Happy March, and happy Women’s History Month! This year’s women's history month theme is “Women Inspiring Innovation Through Imagination: Celebrating Women in Science, Technology, Engineering and Mathematics.” Yea STEM! That theme makes me want to kick off the month reading some great biographies of women in math and science with my tween daughter. After having to discuss the Oscar song, "We Saw Your Boobs" with my smart, sweet girl, I'm craving some time talking about women who draw attention with their most important body part - their mind.
A great website for book recommendations is A Mighty Girl, a website with the “world’s largest collection of books, toys, movies, and music for parents, teachers, and others dedicated to raising smart, confident, and courageous girls.” It's a wonderful resource, and I’m especially partial to its large compilation of more than 240 biographies, memoirs or historical fiction books detailing the lives of inspirational women. Their book suggestions include books on these incredible yet lesser-known female scientists:
- May Chinn, one of the first Native American/African American woman doctors in the U.S;
- Heidi Hammel, a planetary astronomer;
- Emmy Noether, the Mother of Modern Algebra;
- Diane France, a forensic anthropologist;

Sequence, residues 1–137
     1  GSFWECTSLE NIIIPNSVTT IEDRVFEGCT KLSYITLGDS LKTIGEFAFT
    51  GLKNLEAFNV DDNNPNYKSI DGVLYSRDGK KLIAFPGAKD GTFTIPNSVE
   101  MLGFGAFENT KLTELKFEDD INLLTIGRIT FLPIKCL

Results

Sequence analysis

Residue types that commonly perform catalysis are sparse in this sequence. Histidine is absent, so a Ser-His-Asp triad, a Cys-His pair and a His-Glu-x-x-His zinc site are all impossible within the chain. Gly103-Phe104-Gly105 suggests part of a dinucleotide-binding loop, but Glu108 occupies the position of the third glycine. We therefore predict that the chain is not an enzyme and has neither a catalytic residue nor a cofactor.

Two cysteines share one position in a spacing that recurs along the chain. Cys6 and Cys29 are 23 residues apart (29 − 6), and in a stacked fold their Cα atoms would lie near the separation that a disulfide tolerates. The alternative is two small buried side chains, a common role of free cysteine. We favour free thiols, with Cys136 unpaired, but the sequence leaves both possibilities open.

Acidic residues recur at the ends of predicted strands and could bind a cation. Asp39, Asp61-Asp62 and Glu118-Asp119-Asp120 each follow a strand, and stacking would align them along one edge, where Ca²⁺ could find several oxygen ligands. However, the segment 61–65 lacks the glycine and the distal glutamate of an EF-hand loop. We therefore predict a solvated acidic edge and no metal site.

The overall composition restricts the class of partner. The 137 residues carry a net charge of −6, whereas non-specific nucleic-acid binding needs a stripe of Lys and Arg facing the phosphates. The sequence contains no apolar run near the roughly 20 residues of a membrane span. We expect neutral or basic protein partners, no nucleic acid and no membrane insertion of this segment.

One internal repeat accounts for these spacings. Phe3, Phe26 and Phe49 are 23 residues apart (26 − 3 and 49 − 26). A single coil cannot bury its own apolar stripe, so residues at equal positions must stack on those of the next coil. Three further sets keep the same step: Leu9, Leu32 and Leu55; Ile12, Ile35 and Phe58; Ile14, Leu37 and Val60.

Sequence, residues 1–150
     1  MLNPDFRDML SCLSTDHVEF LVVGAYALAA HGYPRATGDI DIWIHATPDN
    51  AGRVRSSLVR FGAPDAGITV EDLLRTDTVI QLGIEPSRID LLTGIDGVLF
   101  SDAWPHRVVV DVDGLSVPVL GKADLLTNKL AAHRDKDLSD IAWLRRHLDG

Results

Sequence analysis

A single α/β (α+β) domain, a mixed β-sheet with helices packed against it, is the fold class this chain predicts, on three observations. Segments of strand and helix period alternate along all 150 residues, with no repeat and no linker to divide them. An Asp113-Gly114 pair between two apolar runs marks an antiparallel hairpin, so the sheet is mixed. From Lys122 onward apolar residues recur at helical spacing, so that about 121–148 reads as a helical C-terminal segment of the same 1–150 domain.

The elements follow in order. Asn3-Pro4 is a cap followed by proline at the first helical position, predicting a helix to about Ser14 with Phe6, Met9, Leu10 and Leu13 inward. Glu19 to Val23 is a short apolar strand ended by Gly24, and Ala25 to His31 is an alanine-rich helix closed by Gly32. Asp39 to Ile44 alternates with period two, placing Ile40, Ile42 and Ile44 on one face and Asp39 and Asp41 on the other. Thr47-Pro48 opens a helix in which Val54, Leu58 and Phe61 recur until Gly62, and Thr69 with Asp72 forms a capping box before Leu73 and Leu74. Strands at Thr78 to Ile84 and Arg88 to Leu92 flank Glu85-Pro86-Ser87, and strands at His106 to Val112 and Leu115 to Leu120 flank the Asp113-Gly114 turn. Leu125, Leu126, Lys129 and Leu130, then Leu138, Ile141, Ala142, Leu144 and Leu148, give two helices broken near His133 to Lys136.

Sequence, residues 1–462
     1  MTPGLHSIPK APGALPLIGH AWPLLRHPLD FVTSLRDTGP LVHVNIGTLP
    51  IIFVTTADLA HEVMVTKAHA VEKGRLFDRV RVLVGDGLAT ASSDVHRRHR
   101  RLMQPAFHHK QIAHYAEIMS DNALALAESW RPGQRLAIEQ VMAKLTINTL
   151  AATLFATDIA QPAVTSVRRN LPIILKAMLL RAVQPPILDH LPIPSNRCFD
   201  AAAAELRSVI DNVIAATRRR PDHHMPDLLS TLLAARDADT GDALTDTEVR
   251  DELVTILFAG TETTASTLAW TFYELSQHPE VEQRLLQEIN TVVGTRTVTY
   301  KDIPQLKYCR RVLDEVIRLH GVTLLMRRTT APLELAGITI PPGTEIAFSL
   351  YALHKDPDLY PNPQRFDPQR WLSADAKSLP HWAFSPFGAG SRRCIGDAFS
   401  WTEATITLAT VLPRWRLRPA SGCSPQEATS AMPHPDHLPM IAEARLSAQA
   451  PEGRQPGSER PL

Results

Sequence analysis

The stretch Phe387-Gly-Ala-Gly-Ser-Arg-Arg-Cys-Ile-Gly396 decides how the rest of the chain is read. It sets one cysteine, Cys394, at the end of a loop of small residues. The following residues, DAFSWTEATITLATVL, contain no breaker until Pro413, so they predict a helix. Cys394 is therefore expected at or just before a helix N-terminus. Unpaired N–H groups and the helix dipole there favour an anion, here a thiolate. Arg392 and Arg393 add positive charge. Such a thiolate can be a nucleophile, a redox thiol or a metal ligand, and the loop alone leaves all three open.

- Miriam Rothschild, naturalist;
- Sylvia Earle, oceanographer;
- Mary Walker, a doctor for the Union during the Civil War;
- Caitlin O'Connell, the "elephant scientist";
- Temple Grandin, professor of animal science who is autistic;
- and America’s first professional astronomer, Maria Mitchell.
You can see the whole collection of titles here. They also provide a helpful breakdown of the books by age group, and the selections most appropriate for ages 9-12 can be found here. The tween books feature a wide range of heroes, including well-known female scientists like Marie Curie and Jane Goodall. What I loved most about this list, though, was the books about women in science with whom I am not familiar, and women whom my tween should know about and from whom she can learn. My tween likes reading biographies, and I love that she has real life examples of women accomplishing great things and overcoming hardships.
The list is a great resource not just for Women’s History Month but also for school biography projects in any grade, as well as science education. For adults looking to read something more grown up, Good Reads has a Popular Women in Science page with some interesting biography selections and reviews.
I love science. My parents let me doing an evening enrichment course in elementary school and there was a variety of subject choices - I picked the science class. It was awesome. The woman teaching that class was also my high school chemistry teacher. Chemistry was awesome. I've always felt like I disappointed her a bit by not going into science (turns out I never could've hacked the math), but she made it clear that women and science go together hand in hand.
When my daughter was in preschool, she was the only girl in the park district kids science class. I was proud, but wondered where the other girls were. I don't quite know I feel about months like Women's History Month, but I do appreciate the focus on STEM and that it serves as a reminder and motivation to do something like this biography project, something fun and easy and important. You can learn more about the National Women's History Project here.
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